Remove the labels

Published 11:54 am Thursday, August 27, 2015

The most intelligent man that I have ever met was a substance abuser, illegal gambler and felon. Fortunately, we crossed paths at a time and place where I could not judge him based on the aforementioned terms; he was incarcerated and I was his counselor.

Five years after our initial interaction, I can proudly say that he has had a positive impact on my life and I hope that it has been reciprocated.

Scenarios like this don’t happen as often as they should because we are conditioned to judge people based on their presentation, their lineage and choices that they made in the past.

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America has become a nation of words, which we use as classifying mechanisms, and they ultimately draw us further apart.

In 2015, these classifying mechanisms sound like this: black, white, Christian, Muslim, thugs, extremists, aliens, anchor-babies (by the way, if America will remain a global superpower, we must embrace immigration), felons and the list goes on. These adjectives lead to preconceived notions, which are detrimental to human interactions.

Last month, Coca-Cola removed the labels from their cans in the Middle East during Ramadan. It was a symbolic gesture to foster an environment where humans get to know other humans for who they are instead of a preconceived perception. Coca-Cola quipped: labels are for cans, not for people.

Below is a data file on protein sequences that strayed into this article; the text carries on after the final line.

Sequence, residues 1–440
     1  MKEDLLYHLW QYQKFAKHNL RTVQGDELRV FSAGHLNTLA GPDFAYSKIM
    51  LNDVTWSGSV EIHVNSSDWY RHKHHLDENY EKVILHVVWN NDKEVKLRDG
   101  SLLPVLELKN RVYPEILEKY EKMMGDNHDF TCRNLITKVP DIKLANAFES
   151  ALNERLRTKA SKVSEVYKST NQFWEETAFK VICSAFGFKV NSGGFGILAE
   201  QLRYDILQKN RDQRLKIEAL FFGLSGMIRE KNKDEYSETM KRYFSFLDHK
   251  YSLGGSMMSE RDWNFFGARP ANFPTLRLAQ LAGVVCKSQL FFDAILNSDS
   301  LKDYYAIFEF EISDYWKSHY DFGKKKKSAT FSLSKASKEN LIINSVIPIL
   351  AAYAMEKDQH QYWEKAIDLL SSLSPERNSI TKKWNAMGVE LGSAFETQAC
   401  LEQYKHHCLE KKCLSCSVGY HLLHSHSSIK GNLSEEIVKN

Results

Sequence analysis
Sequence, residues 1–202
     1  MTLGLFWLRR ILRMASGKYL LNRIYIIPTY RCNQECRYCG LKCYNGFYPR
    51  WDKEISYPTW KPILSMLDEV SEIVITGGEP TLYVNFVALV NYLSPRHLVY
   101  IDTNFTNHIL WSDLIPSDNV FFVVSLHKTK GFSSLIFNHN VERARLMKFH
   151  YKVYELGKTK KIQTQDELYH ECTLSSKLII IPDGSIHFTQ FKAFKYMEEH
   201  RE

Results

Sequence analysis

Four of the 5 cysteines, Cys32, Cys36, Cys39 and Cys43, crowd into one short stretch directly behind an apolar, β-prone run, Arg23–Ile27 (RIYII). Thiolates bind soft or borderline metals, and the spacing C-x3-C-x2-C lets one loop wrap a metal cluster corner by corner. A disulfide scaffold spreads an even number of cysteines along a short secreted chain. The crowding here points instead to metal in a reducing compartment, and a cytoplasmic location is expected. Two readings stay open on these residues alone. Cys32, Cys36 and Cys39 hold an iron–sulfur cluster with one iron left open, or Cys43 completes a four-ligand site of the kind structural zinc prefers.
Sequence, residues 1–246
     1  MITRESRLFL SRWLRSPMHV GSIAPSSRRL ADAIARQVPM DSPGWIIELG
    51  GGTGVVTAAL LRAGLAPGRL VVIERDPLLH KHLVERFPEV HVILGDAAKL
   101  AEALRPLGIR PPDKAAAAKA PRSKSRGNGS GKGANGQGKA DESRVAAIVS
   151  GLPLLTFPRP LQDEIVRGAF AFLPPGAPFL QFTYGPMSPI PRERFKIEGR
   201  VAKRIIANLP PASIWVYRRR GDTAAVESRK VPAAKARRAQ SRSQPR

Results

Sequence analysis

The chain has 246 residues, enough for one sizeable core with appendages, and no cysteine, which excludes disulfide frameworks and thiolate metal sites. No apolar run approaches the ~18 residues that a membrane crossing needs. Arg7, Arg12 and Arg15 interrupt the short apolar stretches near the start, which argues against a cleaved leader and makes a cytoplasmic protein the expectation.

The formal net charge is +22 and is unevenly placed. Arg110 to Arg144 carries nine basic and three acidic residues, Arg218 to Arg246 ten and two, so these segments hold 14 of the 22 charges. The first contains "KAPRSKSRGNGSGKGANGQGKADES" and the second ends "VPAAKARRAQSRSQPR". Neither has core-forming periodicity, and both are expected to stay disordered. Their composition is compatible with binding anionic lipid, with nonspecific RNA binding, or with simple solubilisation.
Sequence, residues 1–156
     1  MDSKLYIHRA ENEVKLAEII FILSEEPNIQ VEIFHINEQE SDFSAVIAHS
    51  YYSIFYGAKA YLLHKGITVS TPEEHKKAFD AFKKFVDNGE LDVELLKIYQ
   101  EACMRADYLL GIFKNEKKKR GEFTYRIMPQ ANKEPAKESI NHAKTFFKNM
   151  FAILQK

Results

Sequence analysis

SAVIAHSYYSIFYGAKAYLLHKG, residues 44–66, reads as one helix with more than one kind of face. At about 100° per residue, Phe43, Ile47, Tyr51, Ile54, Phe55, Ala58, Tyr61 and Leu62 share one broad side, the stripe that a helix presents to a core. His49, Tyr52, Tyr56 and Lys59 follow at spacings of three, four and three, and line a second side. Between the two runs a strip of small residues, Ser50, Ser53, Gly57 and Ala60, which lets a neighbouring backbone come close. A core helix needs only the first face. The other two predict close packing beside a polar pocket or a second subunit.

Coca-Cola says that its goal was “to promote a world without labels and prejudices.” They sent a mighty message to consumers like me: “a world without labels is a world without differences.” At our essence we are no different — we are all humans. So, I challenge you to ignore the classifying mechanisms and start a conversation with 10 strangers this week.

Perhaps you will make a lifelong friend. But, even if you don’t, you are beginning to change our world because you are not judging the proverbial book by the cover.

TAIKEIN COOPER is a native of Farmville, and a graduate of the University of North Carolina at Chapel Hill where he majored in public policy analysis. He is a community servant, educational speaker and entrepreneur. His email address is